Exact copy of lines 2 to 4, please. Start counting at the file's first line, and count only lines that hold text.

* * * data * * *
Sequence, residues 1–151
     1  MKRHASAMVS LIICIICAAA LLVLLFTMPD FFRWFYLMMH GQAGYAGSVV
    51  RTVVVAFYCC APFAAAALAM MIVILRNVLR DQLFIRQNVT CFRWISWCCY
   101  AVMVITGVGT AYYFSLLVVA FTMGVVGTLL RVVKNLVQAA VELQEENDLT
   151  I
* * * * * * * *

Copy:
     1  MKRHASAMVS LIICIICAAA LLVLLFTMPD FFRWFYLMMH GQAGYAGSVV
    51  RTVVVAFYCC APFAAAALAM MIVILRNVLR DQLFIRQNVT CFRWISWCCY
   101  AVMVITGVGT AYYFSLLVVA FTMGVVGTLL RVVKNLVQAA VELQEENDLT